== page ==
Would the minister consider proposing a similar model to the one that’s being proposed today, for this one-time expense, to give access to resources for municipalities of all sizes — scalable, of course, to the size of the municipality — in order to help with the regular and ongoing needs of those municipalities, that are the priorities that are set by the community members and their constituents?
Hon. A. Kang:
The local finance resilience review with UBCM and the Ministry of Finance is the most recent report. It was from January of 2022. So it may not be over a decade, but we will continue to work very hard and engage with members of UBCM. This funding is one-time funding in nature.
These initiatives are anticipated to provide long-term supports and benefits to British Columbians and all 188 local governments that we have here in the borders of British Columbia. This includes initiatives to support health, affordability, reconciliation, climate, emergency preparedness and infrastructure supports for communities throughout B.C.
These priorities are not just our priorities as a province, but they are also the priorities of local governments.
Member, before you continue your questions, I did just want to remind you that we are on the supplementary estimates. So let’s focus on actual supplementary estimates overall, and we’ll have a better opportunity to do the broader budget discussion.
Thank you, Mr. Chair. My understanding is that we’re talking about decisions around $1 billion of taxpayer money. That was a decision that was made by this minister and how it’s spent. I am canvassing that.
I think what is reflected here in the seats on this side of the House…. I recognize I’m not going to point out any members who are or who are not here, but I would suggest that there is a considerable number of us that are sitting on this side of the House that were formerly on local governments. We all have been part of the process over the last decade or more, pleading with the provincial government to reform the fiscal framework — that one-time gifts, the granting processes that we have set in place, have not been sufficient to ensure that municipalities have been able to develop sustainable infrastructure and the sustainability of governing their municipalities.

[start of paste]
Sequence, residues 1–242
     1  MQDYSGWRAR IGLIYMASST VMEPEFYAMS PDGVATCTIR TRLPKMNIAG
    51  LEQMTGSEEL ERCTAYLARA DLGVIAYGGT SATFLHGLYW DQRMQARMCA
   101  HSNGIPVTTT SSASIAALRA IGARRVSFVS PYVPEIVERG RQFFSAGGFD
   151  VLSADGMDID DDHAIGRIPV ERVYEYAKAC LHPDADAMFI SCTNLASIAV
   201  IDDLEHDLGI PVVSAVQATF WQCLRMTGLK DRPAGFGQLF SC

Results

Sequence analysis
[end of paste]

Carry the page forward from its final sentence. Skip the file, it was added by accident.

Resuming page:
The reality is that local governments are required to balance their budgets year over year and provincial governments not.
My question to the minister: was it ever considered to turn this $1 billion that’s being granted in this supplementary estimate to a permanent fund that could be drawn down — requests made by local governments?
I use the example in question period today about a fire hall that doesn’t currently fit within any of the granting programs. That’s a fire hall. Just because it doesn’t fit within the government’s funding programs doesn’t mean that the community on Saltspring needs a fire hall any less. Nor is it necessarily fair that the community on Saltspring should have to cover the entire costs of their fire hall.
There’s a lack of flexibility. But a permanent fund that local governments could request for projects such as the fire hall or such as other projects that my colleagues here have been making decisions about our are nevertheless needed.
To the minister: was it ever considered creating a permanent fund with this that could go on in perpetuity, giving access to municipalities — all 88, as the minister mentioned — to do funds that are priorities set by the community.
Thank you, Member. I appreciate your feedback. I do want to emphasize that we are focusing specifically on this time, this funding. I understand the validity of your question, which I do fully appreciate. But I do want to emphasize that we are focused specifically on this grant. Obviously, what you ask can be asked at a broader time when we’re talking about overall estimates.